RBI encourages these companies to help out low-income people, the agriculture industry, and SMEs in particular. Fintech is regulated by banks, and this is why India has overtaken China in this industry. 

Fintech in the payment sector

Over 650 million users in India use smartphones now and have access to the internet. If we study some statistics, in the finance sector, PayTM, Google Pay and Phone Pe were the three most downloaded applications. This is a prime example of fintech taking over India. Even in China, AliPay is widely used along with some other applications. Most people have ditched cash payments, especially after COVID, and prefer using these apps to make payments. 

Almost all private banks have their own apps now or partner with other payment apps. This makes payments easier, and online transactions go through without any issues. The security is also ramped up, and there is a low threat of fraud. International payment providers like PayPound need to jump on this opportunity and extend their operations in this region. 

Banking and fintech collaborations

There is competition between private banks and fintech companies in both India and China. This has led to the collaboration of banks and fintech firms instead of operating independently. This partnership has led to the emergence of new services and technology for consumers to use. 

Most private sector banks tie up with fintech firms to ramp up security and provide more payment options to consumers. Technologies like AI-driven customer support, QR code scanners, biometric authorization, chargeback management, etc., are provided by fintech companies to banks and other financial institutions. Everyone, including the banks, fintech companies, and consumers, can reap benefits from this.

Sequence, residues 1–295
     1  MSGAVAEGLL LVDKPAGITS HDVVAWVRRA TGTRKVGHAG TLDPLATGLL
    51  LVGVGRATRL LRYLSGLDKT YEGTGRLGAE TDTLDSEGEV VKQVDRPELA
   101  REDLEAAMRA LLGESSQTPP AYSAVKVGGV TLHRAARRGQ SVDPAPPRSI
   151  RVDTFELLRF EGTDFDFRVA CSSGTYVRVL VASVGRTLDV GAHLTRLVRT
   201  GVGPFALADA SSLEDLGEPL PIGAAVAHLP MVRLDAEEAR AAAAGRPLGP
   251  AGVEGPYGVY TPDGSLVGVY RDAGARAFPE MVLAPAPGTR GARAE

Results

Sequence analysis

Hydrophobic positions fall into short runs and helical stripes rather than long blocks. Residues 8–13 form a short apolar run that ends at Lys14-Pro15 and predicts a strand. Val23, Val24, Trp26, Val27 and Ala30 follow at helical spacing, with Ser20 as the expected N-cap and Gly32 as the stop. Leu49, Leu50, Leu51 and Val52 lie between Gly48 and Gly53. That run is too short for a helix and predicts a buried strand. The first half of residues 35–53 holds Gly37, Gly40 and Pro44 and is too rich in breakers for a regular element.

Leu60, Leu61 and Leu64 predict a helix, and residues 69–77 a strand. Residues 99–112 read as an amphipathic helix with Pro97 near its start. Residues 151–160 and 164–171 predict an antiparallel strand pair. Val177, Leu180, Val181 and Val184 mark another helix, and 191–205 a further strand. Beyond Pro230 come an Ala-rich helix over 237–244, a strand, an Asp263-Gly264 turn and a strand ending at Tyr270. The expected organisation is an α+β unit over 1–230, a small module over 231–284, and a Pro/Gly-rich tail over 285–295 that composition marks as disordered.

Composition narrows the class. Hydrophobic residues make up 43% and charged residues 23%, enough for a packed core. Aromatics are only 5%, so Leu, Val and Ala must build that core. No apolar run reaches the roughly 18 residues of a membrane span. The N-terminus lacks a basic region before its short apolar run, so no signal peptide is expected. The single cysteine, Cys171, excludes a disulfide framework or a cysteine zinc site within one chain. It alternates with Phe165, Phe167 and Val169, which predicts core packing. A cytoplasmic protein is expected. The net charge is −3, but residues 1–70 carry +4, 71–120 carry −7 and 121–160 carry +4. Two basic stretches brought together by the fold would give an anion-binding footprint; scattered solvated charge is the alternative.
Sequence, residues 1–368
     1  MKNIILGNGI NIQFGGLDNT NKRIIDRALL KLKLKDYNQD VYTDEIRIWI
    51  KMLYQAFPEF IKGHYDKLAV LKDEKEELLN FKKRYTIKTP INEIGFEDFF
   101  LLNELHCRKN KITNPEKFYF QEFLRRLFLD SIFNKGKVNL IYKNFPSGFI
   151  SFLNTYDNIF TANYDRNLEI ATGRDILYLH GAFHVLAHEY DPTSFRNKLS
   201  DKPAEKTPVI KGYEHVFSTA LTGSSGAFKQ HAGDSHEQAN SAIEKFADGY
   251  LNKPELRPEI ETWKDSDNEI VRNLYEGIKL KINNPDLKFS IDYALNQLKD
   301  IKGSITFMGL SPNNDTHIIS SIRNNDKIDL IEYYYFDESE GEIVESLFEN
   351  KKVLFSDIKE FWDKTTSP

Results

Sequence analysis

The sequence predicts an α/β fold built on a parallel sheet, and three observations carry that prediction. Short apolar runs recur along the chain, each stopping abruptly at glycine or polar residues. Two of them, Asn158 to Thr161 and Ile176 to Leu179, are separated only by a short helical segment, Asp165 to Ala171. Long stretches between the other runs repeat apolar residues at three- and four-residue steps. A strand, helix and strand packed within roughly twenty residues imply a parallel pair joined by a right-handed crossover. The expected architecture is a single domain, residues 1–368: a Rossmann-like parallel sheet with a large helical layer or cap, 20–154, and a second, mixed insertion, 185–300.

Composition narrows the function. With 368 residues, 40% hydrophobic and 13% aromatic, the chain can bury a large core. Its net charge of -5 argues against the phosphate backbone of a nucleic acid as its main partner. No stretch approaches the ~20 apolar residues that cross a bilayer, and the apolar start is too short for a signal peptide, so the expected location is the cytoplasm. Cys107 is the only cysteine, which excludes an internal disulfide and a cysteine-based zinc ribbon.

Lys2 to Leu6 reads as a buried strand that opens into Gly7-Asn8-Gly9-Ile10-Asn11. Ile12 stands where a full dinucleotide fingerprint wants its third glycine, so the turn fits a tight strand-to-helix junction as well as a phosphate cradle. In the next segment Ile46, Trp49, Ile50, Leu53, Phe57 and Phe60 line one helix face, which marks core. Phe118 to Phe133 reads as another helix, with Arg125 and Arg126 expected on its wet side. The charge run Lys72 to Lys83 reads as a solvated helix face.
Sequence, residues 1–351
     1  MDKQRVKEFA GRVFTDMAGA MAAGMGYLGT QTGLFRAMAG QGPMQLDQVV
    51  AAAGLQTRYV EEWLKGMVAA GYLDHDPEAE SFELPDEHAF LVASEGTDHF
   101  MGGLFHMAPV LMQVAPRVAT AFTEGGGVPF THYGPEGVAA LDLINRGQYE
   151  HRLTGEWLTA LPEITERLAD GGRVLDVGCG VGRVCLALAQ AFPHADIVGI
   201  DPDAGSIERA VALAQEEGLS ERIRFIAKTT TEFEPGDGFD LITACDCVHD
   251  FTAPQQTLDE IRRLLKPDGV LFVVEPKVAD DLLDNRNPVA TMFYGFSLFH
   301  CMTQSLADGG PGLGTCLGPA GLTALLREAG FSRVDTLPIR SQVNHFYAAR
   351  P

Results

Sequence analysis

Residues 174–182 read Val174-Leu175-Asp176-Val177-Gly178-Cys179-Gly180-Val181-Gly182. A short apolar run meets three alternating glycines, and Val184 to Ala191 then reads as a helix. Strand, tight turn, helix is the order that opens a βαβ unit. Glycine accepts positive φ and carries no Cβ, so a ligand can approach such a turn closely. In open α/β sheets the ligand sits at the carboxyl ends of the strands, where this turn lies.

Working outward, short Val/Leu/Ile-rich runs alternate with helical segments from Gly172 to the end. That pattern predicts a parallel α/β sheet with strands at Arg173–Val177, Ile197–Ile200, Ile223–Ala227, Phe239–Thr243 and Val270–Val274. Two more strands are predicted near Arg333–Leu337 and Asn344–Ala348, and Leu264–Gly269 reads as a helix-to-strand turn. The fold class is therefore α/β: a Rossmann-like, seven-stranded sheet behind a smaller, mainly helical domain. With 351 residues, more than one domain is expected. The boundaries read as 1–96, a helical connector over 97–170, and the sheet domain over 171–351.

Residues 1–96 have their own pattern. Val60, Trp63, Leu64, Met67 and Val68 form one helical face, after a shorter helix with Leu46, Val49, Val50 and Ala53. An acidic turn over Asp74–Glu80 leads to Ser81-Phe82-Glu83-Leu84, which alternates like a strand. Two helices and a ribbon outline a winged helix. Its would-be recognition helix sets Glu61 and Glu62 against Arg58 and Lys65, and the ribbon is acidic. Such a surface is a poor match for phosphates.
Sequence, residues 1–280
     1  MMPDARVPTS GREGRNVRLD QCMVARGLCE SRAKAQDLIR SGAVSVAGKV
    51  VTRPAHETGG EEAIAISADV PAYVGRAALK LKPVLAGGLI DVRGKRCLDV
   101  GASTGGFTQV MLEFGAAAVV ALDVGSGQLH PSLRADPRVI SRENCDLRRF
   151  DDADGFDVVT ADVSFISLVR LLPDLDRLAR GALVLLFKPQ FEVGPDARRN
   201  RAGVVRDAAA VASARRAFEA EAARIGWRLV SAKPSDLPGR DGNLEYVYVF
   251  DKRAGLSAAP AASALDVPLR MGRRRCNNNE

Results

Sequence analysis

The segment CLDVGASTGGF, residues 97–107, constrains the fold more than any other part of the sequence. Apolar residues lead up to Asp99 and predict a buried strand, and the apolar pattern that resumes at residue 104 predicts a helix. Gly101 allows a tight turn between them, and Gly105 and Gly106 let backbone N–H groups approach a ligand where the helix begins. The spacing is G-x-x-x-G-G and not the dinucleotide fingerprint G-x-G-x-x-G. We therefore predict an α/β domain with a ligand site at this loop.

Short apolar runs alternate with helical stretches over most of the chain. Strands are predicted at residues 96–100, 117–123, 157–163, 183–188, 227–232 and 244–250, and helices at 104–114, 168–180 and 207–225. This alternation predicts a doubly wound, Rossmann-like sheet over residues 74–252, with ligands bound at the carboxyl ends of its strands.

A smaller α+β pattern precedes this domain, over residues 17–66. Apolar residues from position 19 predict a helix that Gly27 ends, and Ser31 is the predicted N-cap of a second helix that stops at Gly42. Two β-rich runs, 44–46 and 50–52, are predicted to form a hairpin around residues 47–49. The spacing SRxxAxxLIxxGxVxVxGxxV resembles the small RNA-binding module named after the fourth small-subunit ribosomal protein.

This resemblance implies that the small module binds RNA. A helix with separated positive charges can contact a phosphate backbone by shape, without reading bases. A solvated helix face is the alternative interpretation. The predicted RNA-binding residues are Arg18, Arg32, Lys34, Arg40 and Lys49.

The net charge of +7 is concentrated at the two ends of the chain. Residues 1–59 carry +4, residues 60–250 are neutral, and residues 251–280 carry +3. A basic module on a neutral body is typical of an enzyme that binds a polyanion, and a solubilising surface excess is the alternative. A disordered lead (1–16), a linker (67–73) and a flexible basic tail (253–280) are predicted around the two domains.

Regulations by the authorities

In China, there are many sudden regulatory changes and shocks in the fintech industry, and they have introduced a low-capital business model for fintech companies. Investors are somewhat disappointed by this, but it is not the case in the Indian market.

In India, fintech companies are a part of the nationwide banking system and fall under their regulatory guidelines. Therefore, investors do not need to worry about sudden rule changes or shocks like in China. This results in more investment because no investor likes his profit to be reduced because of some government rules and regulations. 


India and China are leaders in many industries, and the fintech sector is also rising day by day in both nations. China already has a massive economy, and it can reach the next level. On the other hand, India is the biggest market for fintech in Asia and a great place for foreign firms to invest in. 

Fintech helps financial institutions, banks, and consumers in a variety of things. It provides nice technology to verify consumers and make sure transactions go through securely. A lot of Indians use payment apps for sending and receiving money, and this is where Fintech has done the most work. Even international financial services like PayPound need to enter the Indian and Chinese market as soon as possible. The scope for growth is huge, and there is a great chance to create something special in the Asian fintech market.